National Geographic Today
Absentee dads are common in the animal kingdommost sow their seed and leave without further ado. But in remote tropical rain forests of Papua New Guineawhere biodiversity literally drips from the branches and new species abounda researcher has discovered some frog fathers that not only guard the eggs but also provide transport, piggyback style, for up to 24 froglets after they emerge from the shell.
The two species who practice piggyback paternal careLiophryne schlaginhaufeni and Sphenophryne cornutabelong to a family of frogs called microhylids.
"The microhylid frogs of New Guinea are the only known large group of terrestrial vertebrates in which male care predominates," wrote David Bickford, an evolutionary biologist at the University of Miami in Coral Gables, Florida, in a report published in the August 8th issue of the journal Nature.
Microhylid frogs of Papua New Guinea, of which there are at least 150 species, all undergo "direct development." That is, they bypass the tadpole stage and develop from larvae to miniature versions of the adult inside the egg. Direct development is a key adaptation that allows the frog to reproduce in regions without bodies of water nearby.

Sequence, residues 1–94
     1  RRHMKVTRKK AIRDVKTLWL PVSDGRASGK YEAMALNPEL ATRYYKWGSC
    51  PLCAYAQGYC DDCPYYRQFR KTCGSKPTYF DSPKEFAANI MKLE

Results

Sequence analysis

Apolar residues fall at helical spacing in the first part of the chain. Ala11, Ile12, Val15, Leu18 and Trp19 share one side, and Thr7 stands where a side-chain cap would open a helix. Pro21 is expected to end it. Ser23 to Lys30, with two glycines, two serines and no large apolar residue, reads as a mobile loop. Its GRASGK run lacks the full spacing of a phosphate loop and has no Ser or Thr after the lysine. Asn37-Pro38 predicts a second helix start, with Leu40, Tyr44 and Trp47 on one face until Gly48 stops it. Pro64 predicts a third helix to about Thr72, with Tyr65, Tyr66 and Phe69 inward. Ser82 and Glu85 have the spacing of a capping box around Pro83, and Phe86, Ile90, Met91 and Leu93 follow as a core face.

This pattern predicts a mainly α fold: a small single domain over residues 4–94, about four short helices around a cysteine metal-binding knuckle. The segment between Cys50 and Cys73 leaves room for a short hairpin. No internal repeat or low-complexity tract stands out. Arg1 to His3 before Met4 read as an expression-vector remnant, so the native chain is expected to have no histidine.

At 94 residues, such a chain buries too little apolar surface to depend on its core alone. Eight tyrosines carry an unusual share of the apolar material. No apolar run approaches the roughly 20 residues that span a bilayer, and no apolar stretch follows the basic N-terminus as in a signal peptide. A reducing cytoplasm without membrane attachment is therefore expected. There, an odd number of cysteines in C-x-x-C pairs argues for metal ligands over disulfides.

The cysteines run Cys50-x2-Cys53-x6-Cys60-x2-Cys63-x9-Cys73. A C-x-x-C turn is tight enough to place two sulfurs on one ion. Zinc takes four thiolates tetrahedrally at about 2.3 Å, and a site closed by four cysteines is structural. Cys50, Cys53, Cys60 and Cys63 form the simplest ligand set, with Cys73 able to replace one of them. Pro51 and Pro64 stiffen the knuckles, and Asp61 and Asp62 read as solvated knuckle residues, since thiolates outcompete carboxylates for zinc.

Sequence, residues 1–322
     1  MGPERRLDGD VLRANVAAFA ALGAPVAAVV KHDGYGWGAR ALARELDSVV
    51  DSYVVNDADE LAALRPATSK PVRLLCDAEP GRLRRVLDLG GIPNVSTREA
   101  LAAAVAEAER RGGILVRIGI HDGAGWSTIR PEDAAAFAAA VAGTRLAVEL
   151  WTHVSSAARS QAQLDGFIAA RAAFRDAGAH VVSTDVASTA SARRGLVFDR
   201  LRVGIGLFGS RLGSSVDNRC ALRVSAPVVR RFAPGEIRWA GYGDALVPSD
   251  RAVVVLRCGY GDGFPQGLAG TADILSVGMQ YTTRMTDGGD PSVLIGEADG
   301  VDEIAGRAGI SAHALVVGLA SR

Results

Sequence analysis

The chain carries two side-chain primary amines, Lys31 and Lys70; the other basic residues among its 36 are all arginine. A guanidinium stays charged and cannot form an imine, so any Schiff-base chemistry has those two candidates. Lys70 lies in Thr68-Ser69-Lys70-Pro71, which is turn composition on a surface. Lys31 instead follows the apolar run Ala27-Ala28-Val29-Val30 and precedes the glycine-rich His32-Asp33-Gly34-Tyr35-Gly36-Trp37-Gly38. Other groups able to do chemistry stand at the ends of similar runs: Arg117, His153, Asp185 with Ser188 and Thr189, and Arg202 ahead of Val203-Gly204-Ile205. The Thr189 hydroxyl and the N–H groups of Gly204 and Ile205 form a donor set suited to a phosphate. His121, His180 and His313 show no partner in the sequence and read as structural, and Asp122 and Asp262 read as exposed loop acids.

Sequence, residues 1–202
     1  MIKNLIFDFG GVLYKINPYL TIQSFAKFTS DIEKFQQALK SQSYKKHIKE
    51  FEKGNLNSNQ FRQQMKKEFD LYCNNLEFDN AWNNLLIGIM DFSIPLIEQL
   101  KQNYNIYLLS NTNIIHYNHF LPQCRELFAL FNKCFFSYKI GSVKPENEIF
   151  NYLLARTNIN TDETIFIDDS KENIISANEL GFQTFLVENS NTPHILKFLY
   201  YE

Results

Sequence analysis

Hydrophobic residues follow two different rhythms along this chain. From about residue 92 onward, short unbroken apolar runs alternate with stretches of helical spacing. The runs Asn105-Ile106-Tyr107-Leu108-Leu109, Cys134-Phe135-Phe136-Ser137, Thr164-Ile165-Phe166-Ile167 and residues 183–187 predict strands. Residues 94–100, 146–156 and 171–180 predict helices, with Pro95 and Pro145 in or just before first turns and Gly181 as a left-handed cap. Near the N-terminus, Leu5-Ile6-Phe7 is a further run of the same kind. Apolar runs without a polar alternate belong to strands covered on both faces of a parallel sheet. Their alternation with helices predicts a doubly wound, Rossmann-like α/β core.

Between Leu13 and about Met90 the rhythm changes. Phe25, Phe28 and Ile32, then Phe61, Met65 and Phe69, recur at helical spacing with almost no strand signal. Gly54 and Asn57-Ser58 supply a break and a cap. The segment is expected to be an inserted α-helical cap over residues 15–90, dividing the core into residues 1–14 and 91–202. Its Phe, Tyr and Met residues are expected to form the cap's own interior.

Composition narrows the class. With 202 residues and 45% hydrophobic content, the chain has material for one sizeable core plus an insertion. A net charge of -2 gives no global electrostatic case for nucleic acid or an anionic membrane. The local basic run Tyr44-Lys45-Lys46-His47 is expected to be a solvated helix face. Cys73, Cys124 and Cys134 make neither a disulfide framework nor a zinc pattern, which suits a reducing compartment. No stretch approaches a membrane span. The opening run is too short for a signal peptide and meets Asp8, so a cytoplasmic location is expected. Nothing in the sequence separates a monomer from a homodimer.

After the mother lays the eggs in the leaf litter on the forest floor, she is long gone. The father dutifully fertilizes the eggs. Then, like a mother hen, he shelters the clutch, warding off predators and hydrating the eggs for about a month until they're ready to hatch. As the tiny froglets emerge from their shells, usually a brood of up to 25, each climbs onto the father's back. He waits patiently until every last froglet is aboard.
Then the father departs with his brood on his back, like an overloaded school bus, for an odyssey that lasts up to nine days.
Traveling only after dark, he hops as far as 50 feet or so per night. Along the way, one by one, the froglets leap off to begin their own independent lives.
"This is really fascinating because, though males are known to guard eggs, they have never been known to transport the froglets," said Janalee P. Caldwell, specialist in amphibian biology at the University of Oklahoma. "What makes this particularly interesting is that the fathers are transporting froglets that are fully developed and completely independent at this point."
"One explanation for the father's behavior may be that he wants to be sure that the progeny are his, and guards the clutch to prevent other males from fertilizing the eggs," Bickford hypothesized. The advantage of this system is that froglets are dispersed over a broad area, reducing the chance of future inbreeding and competition for food, said Bickford.